So you’ve decided to take your talents to Arizona. It’s an excellent decision. For many worthy reasons. Some of those reasons may be obvious; others perhaps not so obvious. But regardless of how the reasons are categorized, they all confirm the wisdom of your decision. They also point to a next chapter filled with unparalleled promise.
And Arizona has long been known for keeping to its promise too. The state continues to rank among the country’s Top 5 for trade, as well as transportation. It’s second among all Western States’ Per Capita Personal Income, and third in Real GDP. Plus its housing market continues to be one of the nation’s most robust. Then there’s the Grand Canyon State’s ever increasing tourism industry, which includes of course its motto’s namesake, in addition to other breathtaking natural wonders such as the Petrified Forest, the Saguaro Desert and Red Rocks State Park.
Let’s take a good look at what makes Arizona is such a promising state:

Education & Innovation

U.S. News & World Report has again ranked Arizona State University #1 of the country’s “Most Innovative Schools.” ASU has topped the list since the category’s 2016 inception, placing the school ahead of such vaunted research universities as Stanford and MIT. The placement is especially noteworthy considering the rankings are culled from a survey of America’s top college presidents, provists and admissions deans.
ASU also ranked number one in the nation and fifth in the world by Times Higher Education for advancing the United Nations’ Sustainable Development Goals. Those goals include global impact on poverty and hunger, developing solutions for clean water and energy, as well as promoting gender equality. The ranking clearly indicates ASU’s international commitment, not to mention a capacity to lead the world in advancing measures of equity.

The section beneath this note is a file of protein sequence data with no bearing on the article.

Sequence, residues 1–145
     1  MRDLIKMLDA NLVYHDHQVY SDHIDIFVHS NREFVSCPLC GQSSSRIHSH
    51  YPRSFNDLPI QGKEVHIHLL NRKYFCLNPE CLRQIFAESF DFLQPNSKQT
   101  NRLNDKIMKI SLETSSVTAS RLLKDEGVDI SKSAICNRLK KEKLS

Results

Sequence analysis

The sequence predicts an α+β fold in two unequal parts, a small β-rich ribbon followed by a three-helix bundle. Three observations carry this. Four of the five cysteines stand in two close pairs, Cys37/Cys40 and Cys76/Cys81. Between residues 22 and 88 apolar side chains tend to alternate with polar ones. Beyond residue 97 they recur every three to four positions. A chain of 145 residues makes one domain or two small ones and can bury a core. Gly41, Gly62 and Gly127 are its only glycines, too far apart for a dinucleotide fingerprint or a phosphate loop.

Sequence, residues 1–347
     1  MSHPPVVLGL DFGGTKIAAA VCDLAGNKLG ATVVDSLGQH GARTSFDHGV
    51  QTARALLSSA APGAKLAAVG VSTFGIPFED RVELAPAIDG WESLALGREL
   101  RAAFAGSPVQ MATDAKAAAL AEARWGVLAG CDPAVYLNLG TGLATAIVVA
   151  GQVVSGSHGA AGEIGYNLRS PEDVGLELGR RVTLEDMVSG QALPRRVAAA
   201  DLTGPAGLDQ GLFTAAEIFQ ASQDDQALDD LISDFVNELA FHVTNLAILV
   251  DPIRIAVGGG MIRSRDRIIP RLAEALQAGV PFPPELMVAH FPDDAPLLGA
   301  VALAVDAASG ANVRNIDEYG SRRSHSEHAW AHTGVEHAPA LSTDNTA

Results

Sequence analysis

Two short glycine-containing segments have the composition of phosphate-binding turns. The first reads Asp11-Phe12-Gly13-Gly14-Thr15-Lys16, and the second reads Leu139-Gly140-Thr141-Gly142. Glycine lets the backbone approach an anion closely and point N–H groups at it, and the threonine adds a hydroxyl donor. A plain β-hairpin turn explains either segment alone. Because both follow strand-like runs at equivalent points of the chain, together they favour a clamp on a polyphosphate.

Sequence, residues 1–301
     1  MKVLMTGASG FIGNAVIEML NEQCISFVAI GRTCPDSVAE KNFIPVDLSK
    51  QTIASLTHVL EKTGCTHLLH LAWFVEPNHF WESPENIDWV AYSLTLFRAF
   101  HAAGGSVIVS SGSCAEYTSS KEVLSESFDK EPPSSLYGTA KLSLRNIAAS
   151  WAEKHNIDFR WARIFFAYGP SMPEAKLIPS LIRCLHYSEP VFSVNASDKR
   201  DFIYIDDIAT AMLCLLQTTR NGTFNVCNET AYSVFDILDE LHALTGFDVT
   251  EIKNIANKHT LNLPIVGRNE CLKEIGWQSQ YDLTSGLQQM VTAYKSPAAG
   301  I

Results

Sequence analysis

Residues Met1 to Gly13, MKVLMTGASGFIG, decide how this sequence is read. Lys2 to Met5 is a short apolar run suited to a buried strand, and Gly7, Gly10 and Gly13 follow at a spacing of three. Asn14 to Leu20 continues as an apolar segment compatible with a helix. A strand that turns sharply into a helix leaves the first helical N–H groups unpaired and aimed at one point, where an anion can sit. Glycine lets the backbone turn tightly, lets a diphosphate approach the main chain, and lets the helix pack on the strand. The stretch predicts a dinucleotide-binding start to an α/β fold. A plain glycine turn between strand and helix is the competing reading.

U.S. News & World Report also ranked ASU among the nation’s Best Graduate Schools, as well as one of the Top 10 for first year student university experience. Furthermore, a 2019 Times Higher Education/Wall Street Journal report concluded that ASU’s Thunderbird School of Global Management offered the world’s No. 1 specialized Master of Global Management degree program, the only U.S.-based school to rank in the top 5 Master in Management specialty.
ASU’s excellence in both graduate and undergraduate programs ensures the state is continually seeded with top flight talent. Then again, when a university’s 3,400 faculty members includes five Nobel laureates, five MacArthur fellows, seven Pulitzer Prize winners and hundreds of other award recipients, a robust field of talent is pretty much a given.

Top Flight Talent

Yes, what about that talent? ASU’s list of distinguished alumni is as lengthy as it is impressive. The field also happens to cover every field worth covering. A fact that’s sure to spur those seeking to recruit or to be recruited.
Perhaps the most notable alum on the business side of the ASU equation is Netflix COO Ted Sarandos. Sarandos relies on “data-infused intuition” to oversee the company’s $6 billion annual budget. And those enlightened algorithms have helped Netflix become the country’s largest entertainment/media company by market cap.
Other noteworthy ASU business alumni include Michael R. Burns, vice chair of Lionsgate, Vince Ferarro, VP of Eastman Kodak, and Derrick Hall, president of the Arizona Diamondbacks. In fact, sports and business have always had a symbiotic relationship at ASU, most notably perhaps via Under Armour co-founder Ryan Wood, who was a fullback with the Sun-Devils.
ASU alum such as three-time Masters Champ Phil Mickelson and baseball great Reggie Jackson may disagree about that notability quotient. So might the hundreds of Olympic athletes who’ve called ASU their educational home, if only for the sheer numbers they represent. Then again, ASU has always positioned itself as an Olympic training mecca of sorts. And last year’s hiring of both Michael Phelps and his coach Bob Bowman makes it clear the university plans to stay that way. It’s also clear that the town of Tempe will greatly benefit from the top talent pool such a positioning promises.

Impressive Pedigree

ASU isn’t the state’s only steady producer of top flight talent. In fact, a mere 90 minutes south of Tempe lies the Tucson campus for University of Arizona (or, as the locals call it, Arizona), which also boasts an impressive and longstanding pedigree.